brand logo

Am Fam Physician. 2022;106(5):578-579

Author disclosure: No relevant financial relationships.

Clinical Question

Do nonsteroidal anti-inflammatory drugs (NSAIDs) prevent or delay fracture healing when used for pain management?

Evidence-Based Answer

The use of NSAIDs for more than three days at higher doses during the postoperative or acute phase of fracture healing may lead to increased rates of nonunion, delayed union, and pseudarthrosis in adults. (Strength of Recommendation [SOR]: B, based on multiple systematic reviews of randomized controlled trials [RCTs], cohort studies, and case-control trials.) NSAIDs do not appear to impair fracture healing in children younger than 11 years. (SOR: B, based on multiple systematic reviews of RCTs, cohort studies, and case-control trials.)

Evidence Summary

A 2019 meta-analysis (n = 14,887) of 16 studies that included RCTs, cohort studies, and case-control trials examined the adverse effects of NSAIDs on bone healing in the setting of fracture, osteotomy, or fusion surgery.1 The primary outcomes were nonunion, delayed union, and pseudarthrosis with a minimum follow-up of six months. The pooled analysis included 15,242 bones, of which 3,283 were exposed to NSAIDs. In 512 patients with delayed union or nonunion fractures, 226 (6.9%) had been exposed to NSAIDs and 282 (2.4%) had not, showing an increased risk with NSAID use (odds ratio [OR] = 2.1; 95% CI, 1.2 to 3.6; number needed to harm [NNH] = 23). A subgroup analysis of retrospective cohort studies in children found that exposure to NSAIDs did not result in an increased risk of delayed union or nonunion (four trials; n = 2,017 bones; 13 of 37 cases of delayed healing exposed to NSAIDs; OR = 0.6; 95% CI, 0.3 to 1.2). A subgroup analysis of low-dosage or short-duration NSAID exposure (low dosage was defined as less than 125 mg per day of diclofenac, less than 150 mg per day of indomethacin, or less than 120 mg per day of ketorolac, whereas short duration was defined as less than two weeks of treatment) did not find an increased risk of delayed union or nonunion (four trials; n = 1,109; OR = 1.7; 95% CI, 0.6 to 4.5). This meta-analysis was limited by significant heterogeneity (I2 = 77.3%) and significant bimodal age distribution of the included studies, with a large gap occurring at a mean age of 18 to 35 years.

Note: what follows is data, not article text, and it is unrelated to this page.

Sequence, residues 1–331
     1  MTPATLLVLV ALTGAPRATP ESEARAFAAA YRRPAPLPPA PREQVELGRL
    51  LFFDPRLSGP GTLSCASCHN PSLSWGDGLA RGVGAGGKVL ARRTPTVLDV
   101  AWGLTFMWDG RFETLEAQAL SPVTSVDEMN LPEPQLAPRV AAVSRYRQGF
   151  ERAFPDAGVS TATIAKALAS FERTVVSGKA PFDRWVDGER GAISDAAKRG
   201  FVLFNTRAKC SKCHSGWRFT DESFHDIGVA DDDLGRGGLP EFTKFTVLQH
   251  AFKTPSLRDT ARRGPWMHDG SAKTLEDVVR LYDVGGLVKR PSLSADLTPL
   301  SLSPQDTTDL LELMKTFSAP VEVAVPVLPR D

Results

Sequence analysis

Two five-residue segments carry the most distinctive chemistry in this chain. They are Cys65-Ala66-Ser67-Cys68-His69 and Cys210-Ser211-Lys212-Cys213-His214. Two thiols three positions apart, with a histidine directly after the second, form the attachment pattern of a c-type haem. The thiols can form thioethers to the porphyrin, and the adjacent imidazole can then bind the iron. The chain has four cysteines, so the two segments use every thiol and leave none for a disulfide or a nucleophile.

Already a member/subscriber?  Log In


From $165
  • Immediate, unlimited access to all AFP content
  • More than 130 CME credits/year
  • AAFP app access
  • Print delivery available

Issue Access

  • Immediate, unlimited access to this issue's content
  • CME credits
  • AAFP app access
  • Print delivery available
Purchase Access:  Learn More

Clinical Inquiries provides answers to questions submitted by practicing family physicians to the Family Physicians Inquiries Network (FPIN). Members of the network select questions based on their relevance to family medicine. Answers are drawn from an approved set of evidence-based resources and undergo peer review. The strength of recommendations and the level of evidence for individual studies are rated using criteria developed by the Evidence-Based Medicine Working Group (

The complete database of evidence-based questions and answers is copyrighted by FPIN. If interested in submitting questions or writing answers for this series, go to or email:

This series is coordinated by John E. Delzell Jr., MD, MSPH, associate medical editor.

A collection of FPIN’s Clinical Inquiries published in AFP is available at

Continue Reading

More in AFP

Copyright © 2022 by the American Academy of Family Physicians.

This content is owned by the AAFP. A person viewing it online may make one printout of the material and may use that printout only for his or her personal, non-commercial reference. This material may not otherwise be downloaded, copied, printed, stored, transmitted or reproduced in any medium, whether now known or later invented, except as authorized in writing by the AAFP.  See permissions for copyright questions and/or permission requests.